• read one book per day for the remainder of summer vacation
• these books can be fiction, non-fiction, professional books, children’s books, young adult books, graphic novels, poetry books, picture books, etc.  Anything that allows you to read words on a page and gets some analytical synapses firing.
• You can set your own start date and end date.  Because I’ve already read 4 books since July 1st, I’ll make that my start date, and I’ll make August 31st my end date.
• You can space out your reading time.  For example, if you have a leisurely day in which you read three books, you’re covered reading-wise for the next two days.
• Post your book titles, and any reviews, on your blog, twitter, etc. so others can be aware for your progress.

I like the idea of holding myself accountable for finishing books that have been accumulating in my house for quite some time, and I think that I will become wiser once I complete this challenge.  So far the four books I have read are:

July 1st: Four Pictures by Emily Carr, by Nicolas Debon
• This is a graphic novel describing four periods of famous Canadian painter Emily Carr’s life.  I appreciate Debon’s efforts to make these time periods emotional for the reader.  However, perhaps because I have read Carr’s autobiography and have loved her paintings and writings since I was a teenager, I can’t help but think of how much he simplified these life events in order to create the cartoons.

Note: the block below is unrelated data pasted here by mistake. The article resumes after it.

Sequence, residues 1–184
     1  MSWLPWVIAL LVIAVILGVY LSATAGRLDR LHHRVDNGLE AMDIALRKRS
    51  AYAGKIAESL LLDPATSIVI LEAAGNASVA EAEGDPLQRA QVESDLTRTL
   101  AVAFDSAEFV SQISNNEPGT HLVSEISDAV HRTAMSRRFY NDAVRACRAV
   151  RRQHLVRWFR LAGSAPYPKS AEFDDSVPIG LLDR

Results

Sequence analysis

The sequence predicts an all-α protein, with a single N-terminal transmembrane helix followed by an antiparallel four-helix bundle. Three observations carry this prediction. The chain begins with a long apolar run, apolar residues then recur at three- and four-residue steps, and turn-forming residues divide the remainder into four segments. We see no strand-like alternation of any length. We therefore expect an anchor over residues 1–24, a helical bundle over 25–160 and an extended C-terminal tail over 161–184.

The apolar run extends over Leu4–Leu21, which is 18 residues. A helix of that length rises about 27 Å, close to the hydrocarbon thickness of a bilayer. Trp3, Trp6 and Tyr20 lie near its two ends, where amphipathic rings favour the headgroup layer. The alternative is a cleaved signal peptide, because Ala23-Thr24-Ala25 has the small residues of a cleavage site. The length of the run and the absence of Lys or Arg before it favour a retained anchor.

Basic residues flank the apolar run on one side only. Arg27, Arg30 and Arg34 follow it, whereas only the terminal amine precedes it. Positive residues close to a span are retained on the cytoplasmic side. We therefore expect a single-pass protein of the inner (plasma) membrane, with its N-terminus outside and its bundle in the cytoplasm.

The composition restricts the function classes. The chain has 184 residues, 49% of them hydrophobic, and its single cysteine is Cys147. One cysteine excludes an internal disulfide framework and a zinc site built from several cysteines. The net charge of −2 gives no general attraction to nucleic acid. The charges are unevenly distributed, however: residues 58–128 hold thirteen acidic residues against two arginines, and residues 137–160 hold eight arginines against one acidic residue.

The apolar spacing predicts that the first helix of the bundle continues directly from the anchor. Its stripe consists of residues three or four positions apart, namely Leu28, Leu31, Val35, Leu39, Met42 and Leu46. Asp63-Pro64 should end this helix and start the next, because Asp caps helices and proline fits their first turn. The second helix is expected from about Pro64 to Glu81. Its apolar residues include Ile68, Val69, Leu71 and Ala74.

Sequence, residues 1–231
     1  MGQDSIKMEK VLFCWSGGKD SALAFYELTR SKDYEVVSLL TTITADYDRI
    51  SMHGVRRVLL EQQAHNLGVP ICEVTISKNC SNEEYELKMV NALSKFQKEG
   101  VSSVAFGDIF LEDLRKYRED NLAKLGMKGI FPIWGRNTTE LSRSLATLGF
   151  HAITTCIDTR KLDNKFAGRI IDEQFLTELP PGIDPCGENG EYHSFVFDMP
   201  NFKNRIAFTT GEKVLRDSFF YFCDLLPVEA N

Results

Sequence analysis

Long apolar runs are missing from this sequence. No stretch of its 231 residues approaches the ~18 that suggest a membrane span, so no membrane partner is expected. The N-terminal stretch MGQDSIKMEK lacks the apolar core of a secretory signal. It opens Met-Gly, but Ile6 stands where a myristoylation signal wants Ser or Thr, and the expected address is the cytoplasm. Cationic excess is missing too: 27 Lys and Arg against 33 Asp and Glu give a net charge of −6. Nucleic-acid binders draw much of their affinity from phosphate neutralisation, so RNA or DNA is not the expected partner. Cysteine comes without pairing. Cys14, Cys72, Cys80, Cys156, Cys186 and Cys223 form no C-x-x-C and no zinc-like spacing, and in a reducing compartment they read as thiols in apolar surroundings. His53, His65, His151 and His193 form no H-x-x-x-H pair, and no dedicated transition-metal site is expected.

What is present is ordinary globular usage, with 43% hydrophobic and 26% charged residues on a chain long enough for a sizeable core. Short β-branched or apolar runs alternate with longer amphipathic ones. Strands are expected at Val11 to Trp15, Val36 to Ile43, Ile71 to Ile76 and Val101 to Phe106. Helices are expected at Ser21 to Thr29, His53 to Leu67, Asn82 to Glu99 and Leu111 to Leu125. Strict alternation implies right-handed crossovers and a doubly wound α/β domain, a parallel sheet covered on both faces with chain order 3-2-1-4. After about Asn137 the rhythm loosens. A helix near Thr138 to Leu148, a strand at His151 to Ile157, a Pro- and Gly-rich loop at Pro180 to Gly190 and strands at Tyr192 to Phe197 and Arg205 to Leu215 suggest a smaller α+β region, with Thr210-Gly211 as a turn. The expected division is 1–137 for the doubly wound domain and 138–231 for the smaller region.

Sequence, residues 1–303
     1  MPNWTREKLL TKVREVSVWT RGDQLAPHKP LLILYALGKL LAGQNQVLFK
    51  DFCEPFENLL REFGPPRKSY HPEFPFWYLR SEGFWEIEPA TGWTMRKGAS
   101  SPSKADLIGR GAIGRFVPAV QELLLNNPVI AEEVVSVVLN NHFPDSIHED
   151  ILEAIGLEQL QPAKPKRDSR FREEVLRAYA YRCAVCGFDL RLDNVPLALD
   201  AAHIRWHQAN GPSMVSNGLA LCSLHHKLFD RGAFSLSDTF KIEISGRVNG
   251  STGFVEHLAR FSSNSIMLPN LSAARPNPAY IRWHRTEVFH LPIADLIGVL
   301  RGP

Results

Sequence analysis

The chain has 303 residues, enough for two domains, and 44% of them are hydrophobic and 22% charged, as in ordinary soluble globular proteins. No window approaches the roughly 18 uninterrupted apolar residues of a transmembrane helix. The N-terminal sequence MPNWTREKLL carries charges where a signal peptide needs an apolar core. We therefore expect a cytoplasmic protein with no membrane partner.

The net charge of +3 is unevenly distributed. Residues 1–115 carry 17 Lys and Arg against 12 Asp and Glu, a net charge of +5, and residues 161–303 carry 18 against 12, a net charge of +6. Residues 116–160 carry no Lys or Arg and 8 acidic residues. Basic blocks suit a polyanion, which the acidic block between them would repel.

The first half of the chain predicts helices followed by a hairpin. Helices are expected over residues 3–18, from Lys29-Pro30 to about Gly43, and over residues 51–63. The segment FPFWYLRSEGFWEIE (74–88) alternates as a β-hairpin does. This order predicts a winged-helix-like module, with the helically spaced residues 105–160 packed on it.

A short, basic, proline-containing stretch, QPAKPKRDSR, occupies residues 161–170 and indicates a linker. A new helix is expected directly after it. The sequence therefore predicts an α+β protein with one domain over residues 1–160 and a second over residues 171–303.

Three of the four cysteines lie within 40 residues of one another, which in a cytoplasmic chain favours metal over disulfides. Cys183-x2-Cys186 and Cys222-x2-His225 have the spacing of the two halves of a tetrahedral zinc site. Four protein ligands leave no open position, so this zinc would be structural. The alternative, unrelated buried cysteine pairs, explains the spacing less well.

July 2nd: The Warlock (The Secrets of the Immortal Nicholas Flamel, #5), by Michael Scott
• This is the fifth in a series of six novels, with the sixth novel coming out in 2012.  Twins Sophie and Josh Newman are given a prophecy, and battle gods from several different mythologies in order to succeed or fail in achieving their destinies.  The plot can be convoluted at times, but the way Scott ends his chapters and books with suspense keeps dragging me back into the series.

July 3rd: My Story: Pyramid of Secrets: Nebka, Giza, Egypt 2517 BC, by Jim Eldridge
• I’m teaching Ancient Civilizations in Grade 7 Social Studies next year, and bought this book because I thought it might be a good cross-curricular novel.  While I found the plot to be fairly predictable, it did an admirable job of explaining how the pyramids were built and how the farmers created life out of the desert.  The story is narrated through the eyes of Nebka, a 12-year old farmer who goes to build Khafre’s pyramid during the Nile flooding.

July 4th: The Throne of Fire (The Kane Chronicles #2), by Rick Riordan
•I do find the mythology in this series difficult to follow at times, but I’ve decided that might be because it’s hard to tie together Egyptian mythology into one comprehensive story when the mythology itself is so fragmented.  However, Riordan continues to do a great job in creating interesting characters that I feel for.  He is quickly becoming my favourite author.

Writing Activities for Boys